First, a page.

New YorkNews

Music to New York’s Ears

If you’re a musician who thinks you’re going to be making beautiful music in Central Park this weekend — think again.   In recent news, city officials have been handing out nuisance summonses and posting a “Quiet Zone” sign at Bethesda Fountain, much to the horror of many park-goers.

Musical History in Central Park

For over a century, musicians have been congregating in this spot, belting out beautiful harmonies and making music together.   John Boyd, for instance, has spent his weekends singing spirituals there with six of his nine children as back-ups.

No More Music! Says Parks Police

Last week, he was told “no more!” as the Quiet Zone sign went up but Boyd isn’t taking it lying down.   In the past two months, Boyd has received five summonses for his musical escapades totaling $2,300.   Wednesday, he was then arrested by Parks police and brought to the Central Park police station.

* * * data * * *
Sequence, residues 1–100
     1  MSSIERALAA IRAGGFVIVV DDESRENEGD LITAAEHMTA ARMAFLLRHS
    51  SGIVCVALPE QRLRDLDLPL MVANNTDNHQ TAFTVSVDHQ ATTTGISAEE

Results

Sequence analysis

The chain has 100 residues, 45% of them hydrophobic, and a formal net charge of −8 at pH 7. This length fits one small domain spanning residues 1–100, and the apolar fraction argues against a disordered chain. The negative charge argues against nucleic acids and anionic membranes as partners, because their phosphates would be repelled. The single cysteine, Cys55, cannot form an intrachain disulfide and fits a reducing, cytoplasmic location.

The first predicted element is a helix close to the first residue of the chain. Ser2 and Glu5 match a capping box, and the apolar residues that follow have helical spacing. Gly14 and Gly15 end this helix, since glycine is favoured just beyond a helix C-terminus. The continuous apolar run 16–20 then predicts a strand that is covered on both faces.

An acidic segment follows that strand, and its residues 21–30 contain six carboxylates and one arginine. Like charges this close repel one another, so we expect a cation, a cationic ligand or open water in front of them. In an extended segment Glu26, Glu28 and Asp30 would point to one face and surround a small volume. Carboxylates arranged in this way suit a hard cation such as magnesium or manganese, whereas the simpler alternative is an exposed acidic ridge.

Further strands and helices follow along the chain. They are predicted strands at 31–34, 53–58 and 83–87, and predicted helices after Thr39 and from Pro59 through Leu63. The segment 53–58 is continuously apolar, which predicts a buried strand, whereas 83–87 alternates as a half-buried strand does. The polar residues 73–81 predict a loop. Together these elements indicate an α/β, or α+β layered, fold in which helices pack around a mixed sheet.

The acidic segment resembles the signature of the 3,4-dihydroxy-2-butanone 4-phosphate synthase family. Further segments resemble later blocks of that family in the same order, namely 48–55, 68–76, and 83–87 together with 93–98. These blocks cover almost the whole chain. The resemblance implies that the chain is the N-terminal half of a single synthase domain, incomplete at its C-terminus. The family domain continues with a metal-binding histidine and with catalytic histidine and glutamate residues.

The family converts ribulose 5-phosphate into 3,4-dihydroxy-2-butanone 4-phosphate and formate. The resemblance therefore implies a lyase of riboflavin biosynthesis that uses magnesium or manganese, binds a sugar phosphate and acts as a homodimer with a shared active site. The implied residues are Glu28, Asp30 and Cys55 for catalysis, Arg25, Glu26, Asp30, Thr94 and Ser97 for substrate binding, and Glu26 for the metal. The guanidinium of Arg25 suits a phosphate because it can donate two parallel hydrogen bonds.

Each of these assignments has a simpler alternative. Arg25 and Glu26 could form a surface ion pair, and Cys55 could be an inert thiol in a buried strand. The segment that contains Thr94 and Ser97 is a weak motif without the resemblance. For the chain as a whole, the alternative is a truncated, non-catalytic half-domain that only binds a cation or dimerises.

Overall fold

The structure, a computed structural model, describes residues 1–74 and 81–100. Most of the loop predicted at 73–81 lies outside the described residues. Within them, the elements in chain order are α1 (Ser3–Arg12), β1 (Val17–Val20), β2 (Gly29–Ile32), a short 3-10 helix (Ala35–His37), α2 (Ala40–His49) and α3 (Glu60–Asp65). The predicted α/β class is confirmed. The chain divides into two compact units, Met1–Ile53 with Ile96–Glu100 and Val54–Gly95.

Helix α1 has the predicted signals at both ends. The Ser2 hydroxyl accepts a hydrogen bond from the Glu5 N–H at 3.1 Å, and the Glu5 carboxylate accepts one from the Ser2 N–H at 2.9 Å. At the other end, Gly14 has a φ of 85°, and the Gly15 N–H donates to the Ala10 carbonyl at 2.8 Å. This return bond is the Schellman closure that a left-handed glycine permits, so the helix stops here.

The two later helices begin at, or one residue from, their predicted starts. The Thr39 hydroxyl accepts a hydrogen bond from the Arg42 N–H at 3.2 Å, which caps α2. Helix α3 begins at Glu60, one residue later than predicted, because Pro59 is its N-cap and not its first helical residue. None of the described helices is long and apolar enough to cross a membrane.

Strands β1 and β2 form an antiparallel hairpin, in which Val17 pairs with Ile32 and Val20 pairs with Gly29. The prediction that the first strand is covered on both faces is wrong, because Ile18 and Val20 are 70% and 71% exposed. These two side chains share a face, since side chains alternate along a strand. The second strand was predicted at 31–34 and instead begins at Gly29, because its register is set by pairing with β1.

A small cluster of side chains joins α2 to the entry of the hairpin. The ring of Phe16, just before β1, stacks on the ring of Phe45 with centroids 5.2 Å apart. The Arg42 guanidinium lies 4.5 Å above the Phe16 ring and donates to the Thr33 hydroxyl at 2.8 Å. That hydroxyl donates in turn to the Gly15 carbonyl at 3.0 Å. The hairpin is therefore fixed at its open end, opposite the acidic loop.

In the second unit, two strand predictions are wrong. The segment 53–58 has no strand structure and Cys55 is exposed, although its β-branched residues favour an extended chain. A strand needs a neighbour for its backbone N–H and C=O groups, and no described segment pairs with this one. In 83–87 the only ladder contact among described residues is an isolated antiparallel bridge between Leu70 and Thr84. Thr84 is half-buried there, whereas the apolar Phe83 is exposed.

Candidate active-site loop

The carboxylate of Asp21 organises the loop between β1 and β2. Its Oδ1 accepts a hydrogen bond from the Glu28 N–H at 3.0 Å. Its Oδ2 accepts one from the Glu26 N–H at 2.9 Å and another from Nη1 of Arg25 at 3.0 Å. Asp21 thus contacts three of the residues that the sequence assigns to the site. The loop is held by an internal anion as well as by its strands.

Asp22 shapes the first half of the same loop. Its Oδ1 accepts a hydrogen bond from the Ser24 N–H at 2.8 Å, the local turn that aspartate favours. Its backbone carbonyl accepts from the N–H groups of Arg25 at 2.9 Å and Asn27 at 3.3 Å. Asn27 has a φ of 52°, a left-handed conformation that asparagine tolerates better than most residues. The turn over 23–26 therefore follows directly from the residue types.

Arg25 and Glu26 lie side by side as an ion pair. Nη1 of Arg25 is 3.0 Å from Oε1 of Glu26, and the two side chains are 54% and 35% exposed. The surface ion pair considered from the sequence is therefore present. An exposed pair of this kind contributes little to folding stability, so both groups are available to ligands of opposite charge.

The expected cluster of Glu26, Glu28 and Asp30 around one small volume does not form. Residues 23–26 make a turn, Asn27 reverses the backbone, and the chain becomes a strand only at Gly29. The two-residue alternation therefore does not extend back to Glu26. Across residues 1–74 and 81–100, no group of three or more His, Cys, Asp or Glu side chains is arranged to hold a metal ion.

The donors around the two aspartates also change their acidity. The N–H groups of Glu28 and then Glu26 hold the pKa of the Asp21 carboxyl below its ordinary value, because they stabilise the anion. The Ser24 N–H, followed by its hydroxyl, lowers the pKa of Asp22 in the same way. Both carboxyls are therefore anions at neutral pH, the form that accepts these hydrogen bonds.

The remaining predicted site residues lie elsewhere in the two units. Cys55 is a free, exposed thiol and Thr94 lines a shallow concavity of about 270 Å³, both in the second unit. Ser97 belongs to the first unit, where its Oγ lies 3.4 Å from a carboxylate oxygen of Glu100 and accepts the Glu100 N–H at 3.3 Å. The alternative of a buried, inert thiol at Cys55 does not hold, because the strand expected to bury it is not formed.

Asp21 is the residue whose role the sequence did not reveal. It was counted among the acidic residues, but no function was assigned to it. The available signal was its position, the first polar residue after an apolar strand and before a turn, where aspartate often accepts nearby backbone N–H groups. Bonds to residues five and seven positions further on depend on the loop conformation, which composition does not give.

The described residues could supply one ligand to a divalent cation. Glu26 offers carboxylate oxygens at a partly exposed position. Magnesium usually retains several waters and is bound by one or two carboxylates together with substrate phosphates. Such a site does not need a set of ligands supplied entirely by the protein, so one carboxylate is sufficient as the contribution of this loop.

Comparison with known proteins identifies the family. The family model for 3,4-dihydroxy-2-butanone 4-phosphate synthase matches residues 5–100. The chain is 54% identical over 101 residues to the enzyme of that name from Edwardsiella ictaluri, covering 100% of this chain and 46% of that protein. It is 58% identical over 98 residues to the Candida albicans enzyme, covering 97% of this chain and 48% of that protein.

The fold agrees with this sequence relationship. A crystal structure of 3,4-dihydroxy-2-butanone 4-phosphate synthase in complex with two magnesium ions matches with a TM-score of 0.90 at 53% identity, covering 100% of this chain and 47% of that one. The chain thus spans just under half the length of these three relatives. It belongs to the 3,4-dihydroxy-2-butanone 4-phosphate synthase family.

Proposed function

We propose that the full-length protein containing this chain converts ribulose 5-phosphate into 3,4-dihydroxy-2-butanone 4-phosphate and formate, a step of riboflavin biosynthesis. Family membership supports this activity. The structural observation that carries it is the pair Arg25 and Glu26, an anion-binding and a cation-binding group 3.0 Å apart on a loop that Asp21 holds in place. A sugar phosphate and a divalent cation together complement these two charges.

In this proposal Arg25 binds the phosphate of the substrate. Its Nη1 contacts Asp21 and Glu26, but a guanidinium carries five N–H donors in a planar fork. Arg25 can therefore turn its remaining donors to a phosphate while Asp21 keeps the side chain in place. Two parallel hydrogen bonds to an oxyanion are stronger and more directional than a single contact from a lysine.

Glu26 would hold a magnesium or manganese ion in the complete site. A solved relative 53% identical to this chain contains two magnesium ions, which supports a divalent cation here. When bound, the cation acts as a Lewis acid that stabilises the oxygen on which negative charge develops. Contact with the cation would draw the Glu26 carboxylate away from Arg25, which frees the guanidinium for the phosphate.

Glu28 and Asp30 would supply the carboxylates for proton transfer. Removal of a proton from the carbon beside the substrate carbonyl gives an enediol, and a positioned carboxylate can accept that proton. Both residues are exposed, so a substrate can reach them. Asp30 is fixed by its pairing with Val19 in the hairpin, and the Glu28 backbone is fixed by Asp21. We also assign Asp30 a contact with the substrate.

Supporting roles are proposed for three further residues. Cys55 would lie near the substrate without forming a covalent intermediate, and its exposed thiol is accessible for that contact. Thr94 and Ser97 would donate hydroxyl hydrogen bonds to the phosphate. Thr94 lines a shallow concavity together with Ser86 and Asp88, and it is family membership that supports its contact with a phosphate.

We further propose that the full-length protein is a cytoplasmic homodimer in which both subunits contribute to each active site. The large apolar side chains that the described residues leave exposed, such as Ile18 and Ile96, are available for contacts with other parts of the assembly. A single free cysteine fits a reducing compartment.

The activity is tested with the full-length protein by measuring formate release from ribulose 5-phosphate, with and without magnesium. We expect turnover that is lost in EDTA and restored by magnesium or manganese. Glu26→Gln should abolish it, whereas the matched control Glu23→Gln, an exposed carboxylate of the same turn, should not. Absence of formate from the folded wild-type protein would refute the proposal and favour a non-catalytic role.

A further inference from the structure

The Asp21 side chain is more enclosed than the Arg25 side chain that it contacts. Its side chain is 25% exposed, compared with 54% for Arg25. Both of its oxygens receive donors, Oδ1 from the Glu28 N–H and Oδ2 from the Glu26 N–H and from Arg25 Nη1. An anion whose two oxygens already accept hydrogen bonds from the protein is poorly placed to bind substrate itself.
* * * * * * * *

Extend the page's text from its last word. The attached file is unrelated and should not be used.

Boyd countered,

“I have a right to free speech. When I sing, it is expressing what I believe in. I told them, ‘You are not chasing me away.’ “

Another musician, classical harpist Meta Epstein said that she is “afraid to play, especially in the fountain terrace.”

Quiet Reflection

When the spokesman for the Central Park Conservancy was confronted on the issue, the response was: “The fountain is a place for quiet reflection.”

Now that is definitely not music to New York’s ears.


James Allenby is the editor of Gowanus Lounge, bringing to his position a vast background on New York, and especially Brooklyn history, culture and lifestyle. Born and bred in the heart of "the County of Kings" James Allenby knows what it means to be a Brooklynite, and imparts this meaning at all times to his readers. Contact James at info(at)